- مبلغ: ۸۶,۰۰۰ تومان
- مبلغ: ۹۱,۰۰۰ تومان
Green energy has gained significant research attention across the globe due to its ability to reduce environmental damage. However, for complete acceptance of green energy, only government regulations are not enough; the willingness to use green energy and contribute to the wellbeing of the environment should spring from within consumers. Such willingness may be developed by enhancing consumers’ perceived value of green energy. However, in order to do so, it is necessary to assess existing levels of consumers’ perceived value towards green energy. The present study develops a multidimensional green perceived value scale to measure existing levels of consumers’ perceived value. The scale considers green perceived value as a multidimensional second order construct comprising functional value, social value, conditional value and emotional value dimensions. Such an attempt has not been made before which highlights the originality value of the present study. The scale can be used to assess consumers’ perception towards green energy. Such information would help in formulating strategies that encourage consumers to voluntarily adopt green energy. The study also reveals that it is not only the financial aspects that lead consumers to decide on adoption of green energy; consumers are also driven by emotional and social considerations. Thus, policy makers could formulate pro-green energy programmes and mass messages that appeal to consumers’ sense of responsibility to voluntarily adopt green energy without having to rely on financial incentives. Researchers could examine the considered dimensions of the scale further with respect to other constructs related to consumer behaviour.
5. Conclusion and implication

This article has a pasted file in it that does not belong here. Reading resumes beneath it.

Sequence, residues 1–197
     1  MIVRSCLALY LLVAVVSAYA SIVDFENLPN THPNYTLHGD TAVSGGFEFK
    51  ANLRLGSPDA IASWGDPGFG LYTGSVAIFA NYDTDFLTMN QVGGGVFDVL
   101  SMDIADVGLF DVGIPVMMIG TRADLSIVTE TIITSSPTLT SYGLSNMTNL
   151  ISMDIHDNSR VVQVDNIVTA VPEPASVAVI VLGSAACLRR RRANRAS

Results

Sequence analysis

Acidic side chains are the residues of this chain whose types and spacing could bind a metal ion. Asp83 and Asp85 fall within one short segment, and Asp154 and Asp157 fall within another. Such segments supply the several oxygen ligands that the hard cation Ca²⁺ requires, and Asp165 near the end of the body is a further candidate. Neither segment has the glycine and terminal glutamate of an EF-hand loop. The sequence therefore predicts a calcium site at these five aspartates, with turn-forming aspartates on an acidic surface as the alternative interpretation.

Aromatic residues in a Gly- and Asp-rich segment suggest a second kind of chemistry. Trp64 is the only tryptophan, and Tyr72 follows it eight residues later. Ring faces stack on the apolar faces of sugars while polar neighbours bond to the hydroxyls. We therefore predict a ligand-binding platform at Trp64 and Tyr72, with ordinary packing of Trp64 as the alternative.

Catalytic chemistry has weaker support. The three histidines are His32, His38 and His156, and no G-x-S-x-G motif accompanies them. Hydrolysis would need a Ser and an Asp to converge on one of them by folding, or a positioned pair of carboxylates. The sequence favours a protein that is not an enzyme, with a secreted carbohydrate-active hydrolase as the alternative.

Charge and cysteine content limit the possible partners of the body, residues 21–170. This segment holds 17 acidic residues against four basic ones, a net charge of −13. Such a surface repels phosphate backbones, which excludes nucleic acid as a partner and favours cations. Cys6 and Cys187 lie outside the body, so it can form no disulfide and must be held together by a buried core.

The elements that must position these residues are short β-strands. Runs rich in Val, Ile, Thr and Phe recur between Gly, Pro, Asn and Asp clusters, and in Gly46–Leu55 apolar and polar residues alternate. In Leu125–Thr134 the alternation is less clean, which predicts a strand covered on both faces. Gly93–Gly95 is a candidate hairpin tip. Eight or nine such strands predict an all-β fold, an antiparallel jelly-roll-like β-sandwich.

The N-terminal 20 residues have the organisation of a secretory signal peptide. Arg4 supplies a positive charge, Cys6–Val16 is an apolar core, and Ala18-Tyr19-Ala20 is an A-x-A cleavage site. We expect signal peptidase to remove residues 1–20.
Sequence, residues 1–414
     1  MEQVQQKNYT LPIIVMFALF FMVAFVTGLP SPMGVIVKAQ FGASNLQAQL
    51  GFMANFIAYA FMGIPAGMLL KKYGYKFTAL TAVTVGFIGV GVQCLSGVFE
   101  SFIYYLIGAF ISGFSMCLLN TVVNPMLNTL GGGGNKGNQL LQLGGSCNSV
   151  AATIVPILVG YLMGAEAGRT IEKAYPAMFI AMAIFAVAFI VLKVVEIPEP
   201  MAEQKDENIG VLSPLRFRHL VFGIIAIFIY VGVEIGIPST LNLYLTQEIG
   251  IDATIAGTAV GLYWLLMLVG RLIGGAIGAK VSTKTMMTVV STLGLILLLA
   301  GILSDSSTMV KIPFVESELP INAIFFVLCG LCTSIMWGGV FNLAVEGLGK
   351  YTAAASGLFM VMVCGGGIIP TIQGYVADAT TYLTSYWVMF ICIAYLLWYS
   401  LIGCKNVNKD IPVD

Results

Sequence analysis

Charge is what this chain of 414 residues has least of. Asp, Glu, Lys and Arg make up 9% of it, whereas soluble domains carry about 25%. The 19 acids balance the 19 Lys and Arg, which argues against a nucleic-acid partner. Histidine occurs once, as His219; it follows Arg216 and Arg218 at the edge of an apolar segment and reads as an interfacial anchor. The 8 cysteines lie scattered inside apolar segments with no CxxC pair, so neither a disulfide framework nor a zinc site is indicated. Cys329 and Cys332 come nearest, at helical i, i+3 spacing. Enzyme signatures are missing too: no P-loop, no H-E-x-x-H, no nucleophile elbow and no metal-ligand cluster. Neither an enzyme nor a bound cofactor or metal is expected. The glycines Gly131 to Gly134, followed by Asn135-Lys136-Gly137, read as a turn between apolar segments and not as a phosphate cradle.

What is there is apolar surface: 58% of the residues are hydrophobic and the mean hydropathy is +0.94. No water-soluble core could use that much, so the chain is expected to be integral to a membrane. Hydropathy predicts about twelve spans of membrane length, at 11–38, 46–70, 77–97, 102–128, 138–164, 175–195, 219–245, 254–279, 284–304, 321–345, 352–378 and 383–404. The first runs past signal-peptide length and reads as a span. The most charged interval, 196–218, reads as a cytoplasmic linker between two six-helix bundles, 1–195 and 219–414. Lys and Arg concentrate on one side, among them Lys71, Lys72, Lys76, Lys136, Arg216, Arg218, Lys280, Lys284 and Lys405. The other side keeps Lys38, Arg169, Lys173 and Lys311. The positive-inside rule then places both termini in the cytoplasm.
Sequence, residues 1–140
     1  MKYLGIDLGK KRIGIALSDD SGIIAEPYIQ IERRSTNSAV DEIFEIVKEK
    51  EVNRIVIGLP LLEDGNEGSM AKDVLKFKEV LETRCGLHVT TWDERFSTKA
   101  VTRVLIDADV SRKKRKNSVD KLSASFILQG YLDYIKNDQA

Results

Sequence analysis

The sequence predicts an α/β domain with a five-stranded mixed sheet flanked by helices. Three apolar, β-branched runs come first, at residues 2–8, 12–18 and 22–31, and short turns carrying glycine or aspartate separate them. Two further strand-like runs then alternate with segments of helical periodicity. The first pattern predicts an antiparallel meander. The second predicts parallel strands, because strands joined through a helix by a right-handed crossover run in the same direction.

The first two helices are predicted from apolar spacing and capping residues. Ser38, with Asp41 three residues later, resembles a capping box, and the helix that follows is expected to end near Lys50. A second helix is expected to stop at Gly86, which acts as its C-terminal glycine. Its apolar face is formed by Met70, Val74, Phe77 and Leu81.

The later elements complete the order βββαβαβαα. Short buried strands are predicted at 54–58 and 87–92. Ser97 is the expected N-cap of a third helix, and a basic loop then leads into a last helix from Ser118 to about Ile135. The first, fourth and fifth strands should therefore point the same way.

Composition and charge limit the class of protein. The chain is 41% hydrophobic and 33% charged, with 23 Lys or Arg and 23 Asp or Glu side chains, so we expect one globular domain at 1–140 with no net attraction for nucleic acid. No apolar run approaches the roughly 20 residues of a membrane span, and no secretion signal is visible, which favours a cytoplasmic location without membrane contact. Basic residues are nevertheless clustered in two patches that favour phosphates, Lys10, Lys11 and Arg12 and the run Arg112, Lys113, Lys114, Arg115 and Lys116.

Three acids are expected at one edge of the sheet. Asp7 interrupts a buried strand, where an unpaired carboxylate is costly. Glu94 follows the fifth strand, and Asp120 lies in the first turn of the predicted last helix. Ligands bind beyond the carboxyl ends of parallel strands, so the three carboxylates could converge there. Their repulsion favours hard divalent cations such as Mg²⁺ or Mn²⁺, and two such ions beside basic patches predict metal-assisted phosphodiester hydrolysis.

The present study develops a scale to measure consumers’ GPV with respect to green energy. On the basis of the reliability and validity tests conducted, the scale appears robust and credible. The fact that GPV has been considered a multidimensional second order construct (as opposed to studies that considered GPV as a unidimensional construct) makes the scale all the more reliable as it considers the various dimensions of consumers’ green perceived value. The scale can be used to assess consumers’ perception towards green energy. Such information could be used to formulate strategies that encourage consumers to voluntarily adopt green energy. The proposed scale also emphasizes the emotional and social dimensions of consumer perception. This is a very important aspect of this study. Hitherto, policy makers relied on incentives and subsidies to encourage green energy use which led to increased burden on the exchequer. However, the study reveals that it is not only the financial aspects that lead consumers to decide on adoption of green energy; consumers are also driven by emotional and social considerations. Thus, policy makers could formulate progreen energy programmes and mass messages that appeal to consumers’ sense of responsibility to voluntarily adopt green energy without having to rely on financial incentives. The messages could clearly convey the ability of green energy to reduce the adverse effects of greenhouse gases and fight climate change while reinforcing that efforts of consumers could actually make a difference. A good example of an effort like this being successful is, in April 2015, the Indian Prime Minister, Shri Narendra Modi’s appeal to the Indian citizens that could afford to do so, to forego LPG cylinder subsidy. As a result, 10.25 million citizens voluntarily gave up the subsidy by June 2016. It has also been observed that consumers purchase green energy under the pressure of their respective social groups. Bearing this in mind, policy makers and marketers could establish and reinforce social norm that favours use of green energy. In turn, green energy suppliers should try to emphasize and increase functional benefits of green energy to appeal to greater number of consumers.